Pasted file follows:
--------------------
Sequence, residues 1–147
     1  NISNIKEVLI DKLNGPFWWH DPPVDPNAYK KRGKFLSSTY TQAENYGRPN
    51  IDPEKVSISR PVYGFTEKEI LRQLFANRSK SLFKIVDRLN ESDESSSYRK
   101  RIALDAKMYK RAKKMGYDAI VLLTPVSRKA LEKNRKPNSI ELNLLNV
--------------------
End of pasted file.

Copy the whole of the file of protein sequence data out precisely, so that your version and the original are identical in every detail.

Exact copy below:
Sequence, residues 1–147
     1  NISNIKEVLI DKLNGPFWWH DPPVDPNAYK KRGKFLSSTY TQAENYGRPN
    51  IDPEKVSISR PVYGFTEKEI LRQLFANRSK SLFKIVDRLN ESDESSSYRK
   101  RIALDAKMYK RAKKMGYDAI VLLTPVSRKA LEKNRKPNSI ELNLLNV